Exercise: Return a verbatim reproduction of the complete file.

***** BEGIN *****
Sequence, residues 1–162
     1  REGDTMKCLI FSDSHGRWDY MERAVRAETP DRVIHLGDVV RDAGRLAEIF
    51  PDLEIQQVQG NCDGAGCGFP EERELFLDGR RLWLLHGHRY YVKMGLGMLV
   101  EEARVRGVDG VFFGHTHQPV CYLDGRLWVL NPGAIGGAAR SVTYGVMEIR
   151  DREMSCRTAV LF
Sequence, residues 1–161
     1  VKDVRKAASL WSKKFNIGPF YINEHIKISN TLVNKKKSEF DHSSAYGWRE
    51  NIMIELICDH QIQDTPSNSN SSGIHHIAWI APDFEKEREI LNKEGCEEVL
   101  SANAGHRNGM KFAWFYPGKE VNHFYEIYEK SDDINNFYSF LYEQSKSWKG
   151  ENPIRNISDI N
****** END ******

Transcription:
Sequence, residues 1–162
     1  REGDTMKCLI FSDSHGRWDY MERAVRAETP DRVIHLGDVV RDAGRLAEIF
    51  PDLEIQQVQG NCDGAGCGFP EERELFLDGR RLWLLHGHRY YVKMGLGMLV
   101  EEARVRGVDG VFFGHTHQPV CYLDGRLWVL NPGAIGGAAR SVTYGVMEIR
   151  DREMSCRTAV LF
Sequence, residues 1–161
     1  VKDVRKAASL WSKKFNIGPF YINEHIKISN TLVNKKKSEF DHSSAYGWRE
    51  NIMIELICDH QIQDTPSNSN SSGIHHIAWI APDFEKEREI LNKEGCEEVL
   101  SANAGHRNGM KFAWFYPGKE VNHFYEIYEK SDDINNFYSF LYEQSKSWKG
   151  ENPIRNISDI N